In Queer History Lessons, comedian Shane Daniel Byrne is teaching us all about LGBTQ+ history, from flags to voguing and everything in between. In today's episode, we're learning about the interesting history of the word lesbian.
L is for lesbian - the first letter in the LGBTQ+ initialism. Although you might not think twice about the definition today it has quite a unique history in comparison to the other letters. The term literally means "from the Island of Lesbos" the same way Australian means "from Australia". Here’s how it became the term for a homosexual woman.
The beautiful Greek Island of Lesbos, rich in flora, fauna and famous olive groves, is located in the northeastern Aegean Sea (spelt "levos" in Greek and often called Mytilene after it’s capital") and has a population of about 100,000.
Lesbos is steeped in Ancient Greek history - it’s mentioned in the Homeric epics, the Iliad and the Odessey, and was known as a place of culture in ancient times. The island was the home to famous poet Sappho in the 600s B.C. who was regarded as one of the greatest lyric poets at the time. She wrote erotic poetry about loving women and women’s beauty.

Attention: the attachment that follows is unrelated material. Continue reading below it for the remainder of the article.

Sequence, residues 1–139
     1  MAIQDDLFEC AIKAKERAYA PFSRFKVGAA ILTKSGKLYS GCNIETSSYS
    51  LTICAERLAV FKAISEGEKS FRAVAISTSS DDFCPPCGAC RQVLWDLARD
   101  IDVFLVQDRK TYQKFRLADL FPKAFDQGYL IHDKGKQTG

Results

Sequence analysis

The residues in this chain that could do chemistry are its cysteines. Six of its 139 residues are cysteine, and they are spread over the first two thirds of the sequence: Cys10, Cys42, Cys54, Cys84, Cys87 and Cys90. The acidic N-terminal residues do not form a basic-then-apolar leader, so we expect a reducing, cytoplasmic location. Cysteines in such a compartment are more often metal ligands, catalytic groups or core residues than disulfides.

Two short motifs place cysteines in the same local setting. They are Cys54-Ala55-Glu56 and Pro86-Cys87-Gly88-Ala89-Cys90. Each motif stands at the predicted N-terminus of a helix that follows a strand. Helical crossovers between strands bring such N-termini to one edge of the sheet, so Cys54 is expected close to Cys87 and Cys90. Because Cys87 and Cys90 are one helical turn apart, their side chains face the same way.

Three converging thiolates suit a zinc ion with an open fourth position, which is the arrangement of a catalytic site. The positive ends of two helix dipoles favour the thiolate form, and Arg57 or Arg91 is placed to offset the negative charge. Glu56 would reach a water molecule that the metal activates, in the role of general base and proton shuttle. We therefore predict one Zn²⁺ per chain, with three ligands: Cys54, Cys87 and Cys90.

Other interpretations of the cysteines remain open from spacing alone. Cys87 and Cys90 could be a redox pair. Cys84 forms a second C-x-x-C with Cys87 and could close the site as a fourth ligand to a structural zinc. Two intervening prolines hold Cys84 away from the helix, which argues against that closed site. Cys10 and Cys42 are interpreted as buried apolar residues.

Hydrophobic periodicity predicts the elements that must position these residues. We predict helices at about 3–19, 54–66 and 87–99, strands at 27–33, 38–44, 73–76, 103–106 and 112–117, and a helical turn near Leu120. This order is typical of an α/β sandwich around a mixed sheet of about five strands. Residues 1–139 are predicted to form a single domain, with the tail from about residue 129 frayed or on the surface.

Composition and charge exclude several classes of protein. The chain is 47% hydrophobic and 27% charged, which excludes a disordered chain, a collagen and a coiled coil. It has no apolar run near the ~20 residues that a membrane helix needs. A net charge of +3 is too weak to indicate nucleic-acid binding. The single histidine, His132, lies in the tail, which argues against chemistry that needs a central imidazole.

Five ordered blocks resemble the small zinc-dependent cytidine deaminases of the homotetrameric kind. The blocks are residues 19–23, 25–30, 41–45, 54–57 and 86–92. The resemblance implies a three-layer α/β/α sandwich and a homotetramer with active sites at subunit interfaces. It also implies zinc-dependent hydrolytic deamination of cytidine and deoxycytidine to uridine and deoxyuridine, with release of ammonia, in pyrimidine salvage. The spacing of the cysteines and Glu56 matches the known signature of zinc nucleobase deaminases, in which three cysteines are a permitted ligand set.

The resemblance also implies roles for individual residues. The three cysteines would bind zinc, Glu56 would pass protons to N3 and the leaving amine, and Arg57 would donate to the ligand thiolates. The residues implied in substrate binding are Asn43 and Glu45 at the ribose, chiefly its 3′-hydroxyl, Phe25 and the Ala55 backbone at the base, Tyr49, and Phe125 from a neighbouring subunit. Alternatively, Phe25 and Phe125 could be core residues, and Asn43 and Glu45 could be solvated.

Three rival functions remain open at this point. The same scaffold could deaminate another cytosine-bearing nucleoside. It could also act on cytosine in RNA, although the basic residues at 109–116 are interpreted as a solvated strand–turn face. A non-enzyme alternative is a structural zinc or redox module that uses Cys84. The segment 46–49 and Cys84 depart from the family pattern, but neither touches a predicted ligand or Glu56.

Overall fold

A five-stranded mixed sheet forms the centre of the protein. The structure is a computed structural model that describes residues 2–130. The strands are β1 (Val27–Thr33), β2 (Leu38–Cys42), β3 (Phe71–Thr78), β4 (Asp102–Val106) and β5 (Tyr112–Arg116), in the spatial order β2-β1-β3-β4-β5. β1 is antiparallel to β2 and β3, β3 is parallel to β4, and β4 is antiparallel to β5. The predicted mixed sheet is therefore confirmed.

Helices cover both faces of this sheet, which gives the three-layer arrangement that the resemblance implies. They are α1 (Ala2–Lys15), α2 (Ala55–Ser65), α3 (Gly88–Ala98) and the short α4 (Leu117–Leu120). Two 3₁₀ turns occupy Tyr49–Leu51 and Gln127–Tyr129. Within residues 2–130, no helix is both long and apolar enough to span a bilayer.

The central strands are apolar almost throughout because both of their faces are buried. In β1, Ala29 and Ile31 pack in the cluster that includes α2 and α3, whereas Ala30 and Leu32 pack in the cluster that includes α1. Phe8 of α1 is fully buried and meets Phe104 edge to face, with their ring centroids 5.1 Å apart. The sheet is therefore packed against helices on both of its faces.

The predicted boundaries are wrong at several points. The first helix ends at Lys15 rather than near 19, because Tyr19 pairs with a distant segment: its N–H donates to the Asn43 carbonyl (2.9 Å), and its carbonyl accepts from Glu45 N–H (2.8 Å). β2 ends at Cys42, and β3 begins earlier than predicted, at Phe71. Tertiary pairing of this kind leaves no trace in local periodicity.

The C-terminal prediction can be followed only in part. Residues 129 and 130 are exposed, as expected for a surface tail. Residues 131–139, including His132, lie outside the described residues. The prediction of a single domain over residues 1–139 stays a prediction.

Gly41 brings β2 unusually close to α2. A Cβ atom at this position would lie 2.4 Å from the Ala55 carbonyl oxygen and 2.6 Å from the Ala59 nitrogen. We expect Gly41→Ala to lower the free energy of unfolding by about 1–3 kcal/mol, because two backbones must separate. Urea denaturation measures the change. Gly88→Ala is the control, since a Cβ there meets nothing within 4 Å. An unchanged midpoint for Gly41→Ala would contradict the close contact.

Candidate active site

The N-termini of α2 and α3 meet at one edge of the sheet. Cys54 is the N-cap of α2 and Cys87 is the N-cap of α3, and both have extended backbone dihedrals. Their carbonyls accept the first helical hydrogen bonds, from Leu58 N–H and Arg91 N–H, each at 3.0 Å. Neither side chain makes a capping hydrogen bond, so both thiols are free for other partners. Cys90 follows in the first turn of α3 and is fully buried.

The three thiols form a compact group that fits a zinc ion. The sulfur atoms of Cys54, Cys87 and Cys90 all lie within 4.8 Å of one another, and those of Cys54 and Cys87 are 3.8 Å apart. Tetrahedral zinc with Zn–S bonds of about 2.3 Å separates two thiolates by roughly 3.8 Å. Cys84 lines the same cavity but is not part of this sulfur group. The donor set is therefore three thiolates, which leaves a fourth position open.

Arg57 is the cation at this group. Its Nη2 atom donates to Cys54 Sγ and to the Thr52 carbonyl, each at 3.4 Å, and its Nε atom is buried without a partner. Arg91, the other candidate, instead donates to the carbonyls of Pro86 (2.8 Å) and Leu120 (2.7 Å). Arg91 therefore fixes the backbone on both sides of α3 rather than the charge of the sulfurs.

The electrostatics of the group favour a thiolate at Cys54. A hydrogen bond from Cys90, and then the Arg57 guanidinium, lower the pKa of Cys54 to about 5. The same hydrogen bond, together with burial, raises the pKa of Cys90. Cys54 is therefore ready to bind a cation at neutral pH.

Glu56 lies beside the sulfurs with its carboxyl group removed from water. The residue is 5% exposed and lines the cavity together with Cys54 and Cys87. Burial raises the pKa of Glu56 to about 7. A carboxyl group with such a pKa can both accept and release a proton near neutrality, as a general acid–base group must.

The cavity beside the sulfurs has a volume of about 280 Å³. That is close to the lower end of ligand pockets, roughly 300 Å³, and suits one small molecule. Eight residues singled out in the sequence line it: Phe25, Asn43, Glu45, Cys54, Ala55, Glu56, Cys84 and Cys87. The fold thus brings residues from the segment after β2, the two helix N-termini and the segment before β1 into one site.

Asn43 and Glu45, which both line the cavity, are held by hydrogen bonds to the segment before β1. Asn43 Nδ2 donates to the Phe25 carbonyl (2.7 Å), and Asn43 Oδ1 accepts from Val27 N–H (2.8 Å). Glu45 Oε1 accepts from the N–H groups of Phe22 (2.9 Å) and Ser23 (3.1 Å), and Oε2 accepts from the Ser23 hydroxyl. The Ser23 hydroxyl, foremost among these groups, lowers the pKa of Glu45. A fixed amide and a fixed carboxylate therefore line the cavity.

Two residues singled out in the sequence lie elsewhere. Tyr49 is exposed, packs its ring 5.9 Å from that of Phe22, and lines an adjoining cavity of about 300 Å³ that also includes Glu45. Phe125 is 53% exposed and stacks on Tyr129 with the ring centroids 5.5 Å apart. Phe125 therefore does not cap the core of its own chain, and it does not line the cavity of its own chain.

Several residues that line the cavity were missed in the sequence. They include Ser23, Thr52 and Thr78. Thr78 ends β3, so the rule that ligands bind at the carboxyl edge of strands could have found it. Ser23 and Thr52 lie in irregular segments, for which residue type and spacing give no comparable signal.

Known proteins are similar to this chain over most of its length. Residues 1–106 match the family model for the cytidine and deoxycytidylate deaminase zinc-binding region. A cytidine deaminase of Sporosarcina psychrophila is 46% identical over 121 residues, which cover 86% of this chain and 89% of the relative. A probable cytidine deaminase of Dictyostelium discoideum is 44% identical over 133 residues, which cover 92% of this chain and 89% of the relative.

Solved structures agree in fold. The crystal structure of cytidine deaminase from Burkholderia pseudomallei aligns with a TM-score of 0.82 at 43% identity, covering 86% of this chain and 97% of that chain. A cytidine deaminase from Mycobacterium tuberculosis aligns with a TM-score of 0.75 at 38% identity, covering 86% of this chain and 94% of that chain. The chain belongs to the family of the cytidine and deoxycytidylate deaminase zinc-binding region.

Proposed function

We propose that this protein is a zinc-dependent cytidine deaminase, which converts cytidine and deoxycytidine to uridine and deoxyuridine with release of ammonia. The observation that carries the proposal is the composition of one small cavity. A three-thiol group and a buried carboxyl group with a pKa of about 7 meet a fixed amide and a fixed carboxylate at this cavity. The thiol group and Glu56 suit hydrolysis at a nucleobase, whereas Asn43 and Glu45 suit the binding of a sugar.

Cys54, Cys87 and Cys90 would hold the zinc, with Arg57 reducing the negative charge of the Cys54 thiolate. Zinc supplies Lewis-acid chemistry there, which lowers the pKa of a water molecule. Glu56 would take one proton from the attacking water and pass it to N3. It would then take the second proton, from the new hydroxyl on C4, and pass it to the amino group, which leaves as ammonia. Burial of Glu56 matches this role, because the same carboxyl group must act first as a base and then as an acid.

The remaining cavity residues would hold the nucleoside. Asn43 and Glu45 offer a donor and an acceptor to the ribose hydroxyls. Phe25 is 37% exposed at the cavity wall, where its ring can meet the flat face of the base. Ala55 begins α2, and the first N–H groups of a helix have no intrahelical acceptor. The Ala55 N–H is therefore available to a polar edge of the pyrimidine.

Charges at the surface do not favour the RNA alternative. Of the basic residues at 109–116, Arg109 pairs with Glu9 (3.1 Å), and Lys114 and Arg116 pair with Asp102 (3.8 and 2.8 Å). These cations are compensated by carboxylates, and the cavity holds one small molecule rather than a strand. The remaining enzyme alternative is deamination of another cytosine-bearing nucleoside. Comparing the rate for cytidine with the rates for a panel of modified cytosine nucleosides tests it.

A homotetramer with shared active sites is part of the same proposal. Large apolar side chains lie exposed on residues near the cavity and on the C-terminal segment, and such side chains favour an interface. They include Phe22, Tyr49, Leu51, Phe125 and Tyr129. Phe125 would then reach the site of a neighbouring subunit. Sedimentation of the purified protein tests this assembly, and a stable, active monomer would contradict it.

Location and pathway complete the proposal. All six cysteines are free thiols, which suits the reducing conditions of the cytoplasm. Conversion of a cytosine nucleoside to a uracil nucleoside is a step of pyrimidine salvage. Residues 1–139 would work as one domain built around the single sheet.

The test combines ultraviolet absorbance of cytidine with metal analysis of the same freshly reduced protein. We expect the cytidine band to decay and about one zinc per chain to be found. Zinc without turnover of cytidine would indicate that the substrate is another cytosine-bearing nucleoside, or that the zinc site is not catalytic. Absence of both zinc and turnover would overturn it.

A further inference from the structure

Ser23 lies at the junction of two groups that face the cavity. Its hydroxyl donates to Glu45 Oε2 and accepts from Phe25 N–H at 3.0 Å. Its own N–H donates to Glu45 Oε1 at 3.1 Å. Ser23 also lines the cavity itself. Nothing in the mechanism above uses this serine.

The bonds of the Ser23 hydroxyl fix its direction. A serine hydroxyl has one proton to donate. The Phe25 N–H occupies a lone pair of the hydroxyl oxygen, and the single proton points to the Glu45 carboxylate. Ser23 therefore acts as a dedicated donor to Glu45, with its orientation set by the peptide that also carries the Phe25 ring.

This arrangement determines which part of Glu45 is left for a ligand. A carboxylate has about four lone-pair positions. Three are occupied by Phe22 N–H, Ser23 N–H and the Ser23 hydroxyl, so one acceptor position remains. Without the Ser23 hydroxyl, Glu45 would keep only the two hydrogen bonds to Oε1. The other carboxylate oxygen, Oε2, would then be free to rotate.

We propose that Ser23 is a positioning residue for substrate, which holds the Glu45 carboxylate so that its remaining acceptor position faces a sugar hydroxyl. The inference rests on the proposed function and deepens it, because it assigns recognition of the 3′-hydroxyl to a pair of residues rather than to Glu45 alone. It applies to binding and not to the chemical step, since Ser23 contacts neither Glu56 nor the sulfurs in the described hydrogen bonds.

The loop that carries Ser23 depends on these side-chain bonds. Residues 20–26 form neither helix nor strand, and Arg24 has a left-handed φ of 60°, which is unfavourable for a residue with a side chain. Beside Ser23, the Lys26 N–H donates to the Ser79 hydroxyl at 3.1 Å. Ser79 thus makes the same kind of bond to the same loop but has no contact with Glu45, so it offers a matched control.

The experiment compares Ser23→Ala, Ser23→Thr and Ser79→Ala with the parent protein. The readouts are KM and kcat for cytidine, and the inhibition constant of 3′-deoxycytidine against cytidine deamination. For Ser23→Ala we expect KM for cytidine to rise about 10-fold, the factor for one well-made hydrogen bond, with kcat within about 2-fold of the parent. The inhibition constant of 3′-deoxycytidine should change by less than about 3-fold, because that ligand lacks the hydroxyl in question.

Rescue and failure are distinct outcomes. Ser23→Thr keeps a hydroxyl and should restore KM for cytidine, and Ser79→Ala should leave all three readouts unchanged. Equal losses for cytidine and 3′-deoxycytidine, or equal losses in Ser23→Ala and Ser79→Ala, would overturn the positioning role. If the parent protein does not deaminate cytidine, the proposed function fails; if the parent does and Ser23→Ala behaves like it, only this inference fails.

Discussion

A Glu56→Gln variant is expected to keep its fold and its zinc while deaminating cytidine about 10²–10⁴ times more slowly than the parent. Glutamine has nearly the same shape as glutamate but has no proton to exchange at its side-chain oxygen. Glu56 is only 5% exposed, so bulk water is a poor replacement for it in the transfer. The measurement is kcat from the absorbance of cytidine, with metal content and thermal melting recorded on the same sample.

Today there is very little known for certain about Sappho’s life and much of her work has been lost or destroyed, some believe on purpose. In the Ancient Greek world when Sappho’s poetry was written, homosexuality wasn’t considered immoral or wrong but in the early nineteenth century, when classics became a formal discipline, scholars tried to straightwash her work by insisting the love she spoke of for her female friends was "innocent" and in no way "objectionable, vulgarly sensual, and illegal" and her own sexuality has often been debated.
But regardless of this, the modern identification of Sappho with female homosexuality is very strong. The words ‘sapphic’ and ‘lesbian’ are derived from her name and home Island, she’s been used as a symbol of protest for equal rights, and today the village of her birth, Eros, has become a popular destination for gay tourism with about 3,000 – 4,000 visitors every summer. This small village, that has only 1,500 residents, now has three lesbian bars. Three more than Dublin!
Although there is acceptance on the Island today towards lesbian visitors this was not always the case. In 2008 three residents of Lesbos brought a case to Greek courts to try to ban the word lesbian being used to describe gay women who said they were unhappy that the term had been "usurped".
But the case was rejected by the Athens court and the plaintiffs were asked to pay court expenses of €230. With Vassilis Chirdaris, a lawyer for the Gay and Lesbian Union of Greece saying "This is a good decision for lesbians everywhere".